Saturday, October 09, 2010

Cardex Cardiacs!

I am not sure about the year – could have been anytime between 1972 and 1974. We were planning for the summer vacation – my parents, my younger sister and I. We were all pretty desperate to travel on what was the real express then – and probably the fastest on SR – the Brindavan Express. We had heard stories from friends about how fast the train was, about how they had a ‘kitchen’ inside the train, about how they prepared food in that ‘kitchen’ and served to the passengers, about how the cups could be thrown away after drinking the coffee/tea – all with an awe that is unique to kids of our age. I would have been anything between six and eight years old; my sister two years younger – and quite an impressionable age to be awestruck by these things. 

We had been pestering our dad to book us by the Brindavan – we were always headed to Bangalore (SBC) and thence to Hubli (UBL), thence to Bijapur (BJP) for the first leg. The return was also the same route. He had been stonewalling – who would ‘pay’ for the tickets, he asked. As an employee of ICF, he was eligible for free passes and PTOs, the latter providing a concession of one-third of the fare (one-sixth for dependent children eligible for half tickets). All the stories heard about the Brindavan came from class and school friends whose parents were not shackled by the free travel – the money saved on the fare had to be saved by us – those were the days!

During one of the evenings, my dad came and broke the news – Brindavan was ‘dereserved’ for free passes and PTOs. That meant we could now reserve on the Brindavan and travel for free. So we set about fixing dates and working out connections onward to UBL. After my parents figured out the dates, we then set about figuring out a date to go out and book tickets at the Advance Reservation Counters of the Madras Central booking office – it is only now that we have the PRS and the e- and i-tickets!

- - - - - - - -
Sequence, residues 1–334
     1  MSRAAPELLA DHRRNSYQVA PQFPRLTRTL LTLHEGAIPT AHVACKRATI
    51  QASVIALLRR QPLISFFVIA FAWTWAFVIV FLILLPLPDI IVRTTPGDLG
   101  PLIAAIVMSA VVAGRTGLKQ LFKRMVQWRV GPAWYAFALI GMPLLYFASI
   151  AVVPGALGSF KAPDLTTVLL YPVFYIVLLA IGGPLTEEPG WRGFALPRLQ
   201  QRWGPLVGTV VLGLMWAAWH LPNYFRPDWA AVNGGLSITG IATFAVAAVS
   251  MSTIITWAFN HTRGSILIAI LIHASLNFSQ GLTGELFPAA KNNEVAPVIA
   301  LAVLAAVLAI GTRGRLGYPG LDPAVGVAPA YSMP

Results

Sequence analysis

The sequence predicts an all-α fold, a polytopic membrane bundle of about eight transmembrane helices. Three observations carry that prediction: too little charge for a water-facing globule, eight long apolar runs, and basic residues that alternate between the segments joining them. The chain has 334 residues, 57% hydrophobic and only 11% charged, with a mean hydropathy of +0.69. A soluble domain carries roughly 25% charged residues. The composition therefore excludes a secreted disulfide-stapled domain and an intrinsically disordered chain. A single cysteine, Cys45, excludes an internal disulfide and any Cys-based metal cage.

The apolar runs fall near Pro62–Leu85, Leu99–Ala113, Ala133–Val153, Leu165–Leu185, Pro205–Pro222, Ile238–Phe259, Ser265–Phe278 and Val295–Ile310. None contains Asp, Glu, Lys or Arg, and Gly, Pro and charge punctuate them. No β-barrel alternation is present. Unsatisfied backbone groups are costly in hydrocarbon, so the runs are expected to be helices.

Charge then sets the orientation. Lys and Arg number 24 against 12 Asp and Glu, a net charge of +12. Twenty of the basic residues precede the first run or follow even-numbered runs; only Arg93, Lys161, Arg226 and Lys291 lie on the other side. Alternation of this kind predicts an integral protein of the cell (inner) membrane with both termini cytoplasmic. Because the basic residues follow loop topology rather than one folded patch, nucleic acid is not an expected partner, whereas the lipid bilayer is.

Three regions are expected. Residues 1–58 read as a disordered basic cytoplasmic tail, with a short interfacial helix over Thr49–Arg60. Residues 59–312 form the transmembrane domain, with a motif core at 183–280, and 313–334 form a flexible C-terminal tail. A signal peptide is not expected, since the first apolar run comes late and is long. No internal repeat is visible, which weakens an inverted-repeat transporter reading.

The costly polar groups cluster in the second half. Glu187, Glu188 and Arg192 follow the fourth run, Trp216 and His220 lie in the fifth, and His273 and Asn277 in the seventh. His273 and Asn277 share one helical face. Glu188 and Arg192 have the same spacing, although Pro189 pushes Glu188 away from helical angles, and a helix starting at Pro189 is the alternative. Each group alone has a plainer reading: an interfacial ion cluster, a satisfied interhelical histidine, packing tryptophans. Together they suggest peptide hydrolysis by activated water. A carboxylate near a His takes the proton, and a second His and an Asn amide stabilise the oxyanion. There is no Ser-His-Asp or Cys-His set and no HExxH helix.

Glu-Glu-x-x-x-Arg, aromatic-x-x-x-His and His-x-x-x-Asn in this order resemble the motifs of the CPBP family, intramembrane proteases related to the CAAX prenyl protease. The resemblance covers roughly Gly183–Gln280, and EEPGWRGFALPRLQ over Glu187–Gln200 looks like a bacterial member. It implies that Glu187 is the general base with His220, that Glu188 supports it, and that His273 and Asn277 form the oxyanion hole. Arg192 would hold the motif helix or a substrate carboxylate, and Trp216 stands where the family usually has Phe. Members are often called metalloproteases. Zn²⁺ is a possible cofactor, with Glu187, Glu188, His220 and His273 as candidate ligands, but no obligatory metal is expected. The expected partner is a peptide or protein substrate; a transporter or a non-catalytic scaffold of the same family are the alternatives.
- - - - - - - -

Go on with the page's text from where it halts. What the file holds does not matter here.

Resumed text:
One rather warm Saturday morning in early February, at about 0330 hrs, my father woke me up and asked me to get ready for the ticket booking mela. He had returned home at 0230 completing his Friday night shift and he was ready, just for our sake. We walked down the three-fourths of a kilometer to Perambur and took some mail that was in at that time and reached the counter at about 0415.

At that rather unearthly hour, there were already a few bricks – yes bricks – representing people who would join later in the queue. We would have been about the twentieth or so in the odd-date counter for Brindavan.

About the counters

Each train had a separate counter for II class, either sitting or sleeping, two or three tier. Some popular trains like the Brindavan, the NIlgiri, the Bangalore Mail, etc. had two counters each – one for odd dates of travel and another for even dates. For the upper class, read FC and Air-conditioned two tier, about six or seven trains were bunched to a counter. If you had to travel second class and the date you wanted to leave was full, you either had the choice to make for travelling two days early or two days late; otherwise, you had to start all over standing at the tail end of the queue for the odd/even date! Unless, of course, you planned for the 31st of a month

About the process